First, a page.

What’s Next for America’s Bears
With the Yellowstone and Glacier populations likely secured for the next 500 years, the USFWS hopes to move forward with delisting grizzlies in those areas, and redirecting resources to help preserve and augment other recovery zones. That could be the key to future grizzly survival. “More occupancy in ecosystems increases the resiliency of the population as a whole,” says Servheen. “Genetic diversity is valuable, of course, but the real threat to grizzly bears was demographic collapse when populations got so small and isolated, as they were before 1980.” Grizzly bears reproduce more slowly than almost any other land mammal in North America: Mother bears typically produce a litter of two cubs, raise them for two years, and may not produce another litter for three to four years after that. The vast potential home ranges of males (as much as 500 square miles) can make simply finding a mate difficult. If a system with too few bears doesn’t produce enough female offspring, it could collapse completely.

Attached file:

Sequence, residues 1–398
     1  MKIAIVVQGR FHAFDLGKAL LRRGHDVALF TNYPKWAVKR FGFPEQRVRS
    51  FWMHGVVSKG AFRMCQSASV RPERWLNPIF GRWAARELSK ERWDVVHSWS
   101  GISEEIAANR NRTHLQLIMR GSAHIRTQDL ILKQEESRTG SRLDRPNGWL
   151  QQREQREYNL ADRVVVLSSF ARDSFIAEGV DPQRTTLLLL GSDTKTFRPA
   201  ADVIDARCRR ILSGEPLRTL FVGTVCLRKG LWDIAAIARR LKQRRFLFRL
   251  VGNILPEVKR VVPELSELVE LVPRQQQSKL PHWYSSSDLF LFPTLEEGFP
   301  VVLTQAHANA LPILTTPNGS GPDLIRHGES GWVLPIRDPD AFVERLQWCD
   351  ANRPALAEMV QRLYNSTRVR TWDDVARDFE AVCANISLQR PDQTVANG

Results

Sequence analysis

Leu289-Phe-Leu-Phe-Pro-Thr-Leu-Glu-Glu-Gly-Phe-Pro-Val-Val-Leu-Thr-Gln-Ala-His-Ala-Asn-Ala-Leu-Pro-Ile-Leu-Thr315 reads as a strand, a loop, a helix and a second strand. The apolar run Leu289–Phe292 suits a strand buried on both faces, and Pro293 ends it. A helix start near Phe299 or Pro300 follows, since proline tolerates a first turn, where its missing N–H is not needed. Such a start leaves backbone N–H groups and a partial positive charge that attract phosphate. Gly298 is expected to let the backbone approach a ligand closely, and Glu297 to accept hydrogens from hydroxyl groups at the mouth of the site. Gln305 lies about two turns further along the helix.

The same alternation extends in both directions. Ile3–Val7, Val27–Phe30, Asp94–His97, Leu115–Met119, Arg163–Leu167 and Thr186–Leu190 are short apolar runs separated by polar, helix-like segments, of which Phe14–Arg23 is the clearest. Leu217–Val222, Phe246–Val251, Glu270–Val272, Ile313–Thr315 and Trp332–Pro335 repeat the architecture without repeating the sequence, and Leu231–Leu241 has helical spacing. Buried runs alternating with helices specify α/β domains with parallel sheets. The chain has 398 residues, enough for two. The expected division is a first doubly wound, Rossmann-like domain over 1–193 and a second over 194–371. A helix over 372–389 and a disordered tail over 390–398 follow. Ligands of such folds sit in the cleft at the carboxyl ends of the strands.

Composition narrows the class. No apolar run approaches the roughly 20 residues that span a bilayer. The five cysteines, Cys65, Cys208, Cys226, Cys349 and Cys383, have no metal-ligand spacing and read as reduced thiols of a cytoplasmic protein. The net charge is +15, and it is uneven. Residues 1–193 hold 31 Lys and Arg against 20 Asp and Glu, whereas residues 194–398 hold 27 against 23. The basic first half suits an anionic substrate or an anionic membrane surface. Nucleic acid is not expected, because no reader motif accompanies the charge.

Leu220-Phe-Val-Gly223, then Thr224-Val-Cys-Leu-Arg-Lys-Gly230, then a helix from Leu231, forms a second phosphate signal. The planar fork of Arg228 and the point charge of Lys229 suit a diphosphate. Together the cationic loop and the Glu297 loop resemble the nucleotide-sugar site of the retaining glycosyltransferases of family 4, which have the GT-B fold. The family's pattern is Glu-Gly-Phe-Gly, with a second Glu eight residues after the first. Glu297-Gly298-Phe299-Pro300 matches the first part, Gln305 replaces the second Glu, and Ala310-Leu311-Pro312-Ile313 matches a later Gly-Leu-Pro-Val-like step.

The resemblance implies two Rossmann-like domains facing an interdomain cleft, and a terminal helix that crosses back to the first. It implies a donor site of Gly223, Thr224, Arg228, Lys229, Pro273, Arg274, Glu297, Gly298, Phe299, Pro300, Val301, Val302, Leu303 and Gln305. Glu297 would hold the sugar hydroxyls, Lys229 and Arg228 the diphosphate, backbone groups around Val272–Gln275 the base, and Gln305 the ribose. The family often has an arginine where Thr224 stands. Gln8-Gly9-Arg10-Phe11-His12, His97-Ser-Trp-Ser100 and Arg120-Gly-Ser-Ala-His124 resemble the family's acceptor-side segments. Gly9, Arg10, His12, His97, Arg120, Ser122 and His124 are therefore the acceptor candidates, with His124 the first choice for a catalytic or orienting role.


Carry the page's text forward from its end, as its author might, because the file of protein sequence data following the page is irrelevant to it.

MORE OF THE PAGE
When officials first pursued delisting in 2007, environmental groups sued, arguing bear populations were still too fragile. Federal courts agreed, citing climate change as a threat to key food sources like the whitebark pine, which pine beetles have ravaged. But while Servheen acknowledges the risk, he believes bears are uniquely predisposed to handle changes—and could adapt successfully to climate change.
“Grizzly bears and black bears are very adaptable species; they live in a wide range of habitats, and they’re not specialists on particular foods,” Servheen says. “Some animals, like wolverines, require snowy habitats. If snow conditions decline, it may have dramatic impacts. While climate change may affect the seasonal distribution of foods, some might actually have longer growing seasons, and bears could change the timing of their denning to accommodate the new food situation. We’re monitoring for baseline data now, but so far, bears are doing pretty well.”